The European markets fell for the third day on Tuesday, as banking stocks slipped and some economic data gave mixed signals for economic recovery.

The U.S. Commerce Department said in its report that housing starts rose 17.2% to an annual rate of 532,000 units in May from the revised April estimate of 454,000. Economists had expected starts to rise to 485,000 from the 458,000 originally reported for the previous month.

However, a report released by the U.S. Federal Reserve showed that the country's industrial production fell 1.1% in May following a revised 0.7% decrease in April. Economists had been expecting production to fall 1.0% compared to the 0.5% drop originally reported for the previous month.

Meanwhile, the ZEW Indicator of Economic Sentiment for Germany stood at 44.8 points in June, up from 31.1 points in May. The latest reading, which is the highest since May 2006, came much better than the 34 points expected by economists.

Crude for July delivery rose $0.76 to $71.38 a barrel on the New York Mercantile Exchange, by the time the European markets closed, after the U.S. dollar slumped.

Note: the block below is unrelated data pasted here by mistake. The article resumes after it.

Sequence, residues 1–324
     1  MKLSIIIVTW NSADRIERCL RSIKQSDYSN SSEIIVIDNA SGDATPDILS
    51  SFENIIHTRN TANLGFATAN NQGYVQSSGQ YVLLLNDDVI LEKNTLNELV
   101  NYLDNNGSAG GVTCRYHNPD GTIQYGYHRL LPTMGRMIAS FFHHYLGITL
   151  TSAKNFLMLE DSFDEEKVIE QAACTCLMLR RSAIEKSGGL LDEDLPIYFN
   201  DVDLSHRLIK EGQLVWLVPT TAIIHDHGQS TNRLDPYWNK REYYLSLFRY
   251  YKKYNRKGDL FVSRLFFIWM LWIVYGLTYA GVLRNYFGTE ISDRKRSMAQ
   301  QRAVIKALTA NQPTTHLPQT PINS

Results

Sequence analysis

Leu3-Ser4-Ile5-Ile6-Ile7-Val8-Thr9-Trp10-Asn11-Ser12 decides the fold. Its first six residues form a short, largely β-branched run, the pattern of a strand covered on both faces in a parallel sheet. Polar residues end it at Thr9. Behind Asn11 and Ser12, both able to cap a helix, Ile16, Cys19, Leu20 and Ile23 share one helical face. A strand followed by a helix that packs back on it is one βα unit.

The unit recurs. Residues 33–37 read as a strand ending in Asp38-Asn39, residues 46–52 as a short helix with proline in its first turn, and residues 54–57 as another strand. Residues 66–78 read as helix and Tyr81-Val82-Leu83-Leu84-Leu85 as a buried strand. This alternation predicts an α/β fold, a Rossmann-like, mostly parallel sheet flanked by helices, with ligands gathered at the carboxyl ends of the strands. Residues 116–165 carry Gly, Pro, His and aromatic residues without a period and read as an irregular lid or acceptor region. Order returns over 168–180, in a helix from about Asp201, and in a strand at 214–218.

The FTSEurofirst 300 index of pan-European blue chips closed 0.01% lower at 863.22 points, while the narrower DJ Stoxx 50 index fell 0.17% to 2,132.91 points.

Around Europe, France's CAC 40 index fell 0.17% to 3,213.95, while the U.K.'s FTSE 100 index rose 0.06% to 4,328.57 and Germany's DAX index advanced 0.02% to 4,890.72.

National Bank of Greece tumbled 10.7% after Greece's largest bank announced plans for a ?1.25 billion rights offer. EFG Eurobank Ergasias, Greece's second biggest lender, dropped 8.6%.

UBS, Switzerland's largest bank, slipped 4.1% after Moody's put UBS' long-term debt and deposit ratings on review for possible downgrade.

France's BNP Paribas and Societe Generale fell 2.3% and 3.3%, respectively, while Italy's UniCredit lost 2.4%.

On the other hand, Tesco, the world's third largest retailer, rose 1.5% after the company reported first quarter sales growth that matched analyst estimates.

BT Group, Britain's largest phone company, climbed 8% after Morgan Stanley upgraded the stock to overweight from equal weight.

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